We are now providing these dentures for the Virginia Missions of Mercy program, a philanthropic program based in Richmond, Va, and administered through the Virginia Dental Association (Terry Dickinson, DDS, executive director), which provides free dental care to those without access to care and the ability to pay for that care. Mission of Mercy relies on donated supplies and equipment, with volunteer dentists and ancillary staff. The applicability of the onestep denture was clearly shown at 2 recent Mission of Mercy clinics in Virginia, where an average of 90 to 100 dentures were completed in one weekend clinic with 2 or 3 dentists and one lab technician. Instead of creating the “dental im­paired” by just removing teeth, they can be replaced and allow better nutrition, lower level of chronic disease, lower overall healthcare costs while increasing quality of life. About 2,000 patients were seen those weekends and hundreds of thousands of dollars of dentistry was performed by about 200 volunteer dentists performing all aspects of dentistry. This is a basic way for our profession to give back, help those who truly need it, and maintain control of our profession. We can provide the necessary care and as long as the people receive the care they need we will not be pressured or controlled by outside forces.

Giving back not only helps others but helps ourselves as well. We cannot help but feel good about reliving pain and helping those who cannot help them­selves. There are also benefits for our practices. We learn to develop more efficient techniques, gain notoriety among our peers, and can actually increase the level of activity in our practices. Each person who we help has friends, relatives, coworkers, and other acquaintences who often be­come patients of our practices. It is a winwin situation for all.

Dental volunteerism is im­portant, but it goes well beyond that. The solution will come from new methods of treatment, new systems of delivery, and new approaches to patient care. We can’t wait for research to solve the issues. They are current issues and we need to deal with them right now. We, as dentists, are creative problem solvers always seeing new challenges cropping up clinically and figuring out how to solve them. As with the onevisit denture, there must be innovative methods of care and we need to find them. In the 10 years since the US surgeon general’s report on oral health, not much has changed. It is still a matter of access and cost. We must change that now.

In our private practices, we can apply newer techniques such as a onestep denture. We can develop more efficient processes and procedures to provide less expensive, very adequate treatment. These efficiencies will come through our own thoughts and “what ifs” as we encounter unusual and difficult clinical situations. Maybe it is the way we use our auxiliaries or maybe even the way we book our schedules. Let’s face it—some aspects of dentistry are very expensive for much of the population, especially the currently underserved populations. Better endodontic techniques, better periodontal procedures, and faster restorative procedures are all important. More efficient and less expensive procedures will bring in more patients, fill more chairs, and serve a greater segment of the population. By serving more of the population, we will be under less pressure from the outside and can maintain the independence we all envisioned when we went into dentistry in the first place.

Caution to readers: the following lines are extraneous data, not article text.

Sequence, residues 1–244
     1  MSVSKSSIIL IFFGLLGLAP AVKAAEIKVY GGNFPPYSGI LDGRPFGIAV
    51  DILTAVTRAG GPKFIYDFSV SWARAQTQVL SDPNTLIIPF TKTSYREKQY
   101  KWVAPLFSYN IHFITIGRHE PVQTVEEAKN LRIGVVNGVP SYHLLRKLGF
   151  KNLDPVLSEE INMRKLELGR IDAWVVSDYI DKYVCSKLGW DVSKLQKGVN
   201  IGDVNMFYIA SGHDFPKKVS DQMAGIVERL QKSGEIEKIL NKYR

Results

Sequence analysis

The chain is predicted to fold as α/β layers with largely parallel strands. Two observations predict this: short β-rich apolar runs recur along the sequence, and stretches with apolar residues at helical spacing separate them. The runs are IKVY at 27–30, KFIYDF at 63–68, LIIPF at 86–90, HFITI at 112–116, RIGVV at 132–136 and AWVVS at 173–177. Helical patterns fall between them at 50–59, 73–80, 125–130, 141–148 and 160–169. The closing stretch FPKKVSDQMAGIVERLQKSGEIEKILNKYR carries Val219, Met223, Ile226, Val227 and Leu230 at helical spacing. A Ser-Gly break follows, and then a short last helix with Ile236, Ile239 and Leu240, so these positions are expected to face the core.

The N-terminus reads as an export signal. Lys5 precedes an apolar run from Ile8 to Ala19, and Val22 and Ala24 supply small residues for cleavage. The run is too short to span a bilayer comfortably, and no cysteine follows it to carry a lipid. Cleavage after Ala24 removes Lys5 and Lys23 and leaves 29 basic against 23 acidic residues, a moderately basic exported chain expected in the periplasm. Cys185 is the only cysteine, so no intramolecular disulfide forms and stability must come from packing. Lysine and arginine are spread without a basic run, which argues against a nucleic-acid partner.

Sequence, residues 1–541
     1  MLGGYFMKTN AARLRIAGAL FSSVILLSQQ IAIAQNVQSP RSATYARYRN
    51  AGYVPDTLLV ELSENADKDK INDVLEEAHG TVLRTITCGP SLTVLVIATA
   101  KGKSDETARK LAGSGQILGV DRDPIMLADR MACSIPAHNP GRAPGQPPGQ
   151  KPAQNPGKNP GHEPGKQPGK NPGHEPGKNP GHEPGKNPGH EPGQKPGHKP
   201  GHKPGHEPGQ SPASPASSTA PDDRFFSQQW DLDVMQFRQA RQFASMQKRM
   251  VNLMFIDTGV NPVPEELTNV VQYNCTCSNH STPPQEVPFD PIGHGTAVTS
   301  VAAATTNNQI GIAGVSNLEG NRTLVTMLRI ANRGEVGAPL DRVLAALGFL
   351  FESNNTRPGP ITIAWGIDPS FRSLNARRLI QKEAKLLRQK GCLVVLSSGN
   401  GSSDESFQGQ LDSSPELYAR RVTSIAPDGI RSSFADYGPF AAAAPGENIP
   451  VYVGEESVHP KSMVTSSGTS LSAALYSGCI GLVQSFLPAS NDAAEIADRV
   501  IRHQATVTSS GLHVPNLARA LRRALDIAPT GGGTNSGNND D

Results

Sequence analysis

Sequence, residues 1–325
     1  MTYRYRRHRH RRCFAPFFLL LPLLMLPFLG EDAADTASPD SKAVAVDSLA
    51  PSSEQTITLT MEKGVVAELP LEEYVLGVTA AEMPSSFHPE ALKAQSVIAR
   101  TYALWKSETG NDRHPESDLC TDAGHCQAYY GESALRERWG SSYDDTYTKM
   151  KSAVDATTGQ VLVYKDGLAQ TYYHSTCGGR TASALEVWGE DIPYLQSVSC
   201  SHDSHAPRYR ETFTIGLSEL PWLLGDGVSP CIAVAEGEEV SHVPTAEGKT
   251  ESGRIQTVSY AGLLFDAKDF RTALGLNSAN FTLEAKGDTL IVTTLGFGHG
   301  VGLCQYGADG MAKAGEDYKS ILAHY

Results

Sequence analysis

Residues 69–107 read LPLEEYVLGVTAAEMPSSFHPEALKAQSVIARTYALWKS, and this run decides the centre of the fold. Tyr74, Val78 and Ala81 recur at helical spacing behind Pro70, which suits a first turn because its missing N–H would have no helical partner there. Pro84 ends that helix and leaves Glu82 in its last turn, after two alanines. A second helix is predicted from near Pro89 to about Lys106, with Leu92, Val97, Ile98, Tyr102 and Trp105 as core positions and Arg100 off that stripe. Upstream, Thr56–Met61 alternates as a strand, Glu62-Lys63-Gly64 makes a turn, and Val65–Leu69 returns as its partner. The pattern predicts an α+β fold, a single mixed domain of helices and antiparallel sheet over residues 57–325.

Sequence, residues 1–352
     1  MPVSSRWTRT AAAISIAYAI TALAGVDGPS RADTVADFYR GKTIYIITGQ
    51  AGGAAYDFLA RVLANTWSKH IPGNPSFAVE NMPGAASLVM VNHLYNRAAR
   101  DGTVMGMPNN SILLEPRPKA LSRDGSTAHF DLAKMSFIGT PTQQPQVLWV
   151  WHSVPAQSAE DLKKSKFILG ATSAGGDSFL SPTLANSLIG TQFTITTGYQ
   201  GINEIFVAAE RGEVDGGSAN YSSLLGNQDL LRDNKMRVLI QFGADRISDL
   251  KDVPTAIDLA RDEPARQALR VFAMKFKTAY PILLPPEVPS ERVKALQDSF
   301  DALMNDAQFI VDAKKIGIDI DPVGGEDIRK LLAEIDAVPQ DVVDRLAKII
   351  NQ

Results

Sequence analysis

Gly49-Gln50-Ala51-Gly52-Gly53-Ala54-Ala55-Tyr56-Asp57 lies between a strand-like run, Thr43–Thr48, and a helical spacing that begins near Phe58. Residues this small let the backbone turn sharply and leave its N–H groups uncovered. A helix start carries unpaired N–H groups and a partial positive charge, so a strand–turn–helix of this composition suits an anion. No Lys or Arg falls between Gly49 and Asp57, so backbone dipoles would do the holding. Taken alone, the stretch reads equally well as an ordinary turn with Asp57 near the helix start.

We, as dentists, have the ability to control our destiny. It is incumbent on us, each one of us individually and as a profession as a whole, to create the vision for dentistry’s fu­ture. I hope this Viewpoint will in­spire creativity and inno­vation to keep dentistry as the shining example of health­­­care. We must stay inno­va­tive, caring, and available for all who need us so we can remain independent and free of outside influence.

Dr. Wallace is a boardcertified oral and maxillofacial surgeon with 25 years of private practice in the Chicago area. He is president of Larell Surgical Consultants, consulting in dentistry and oral and maxillofacial surgery to major medical insurance companies. He is the developer and founder of the Larell One Step Denture. He works with philanthropic organizations and private practitioners to adopt the one step denture system. He can be reached at


Disclosure: Dr. Wallace is the founder and CEO of The Larell One Step Denture.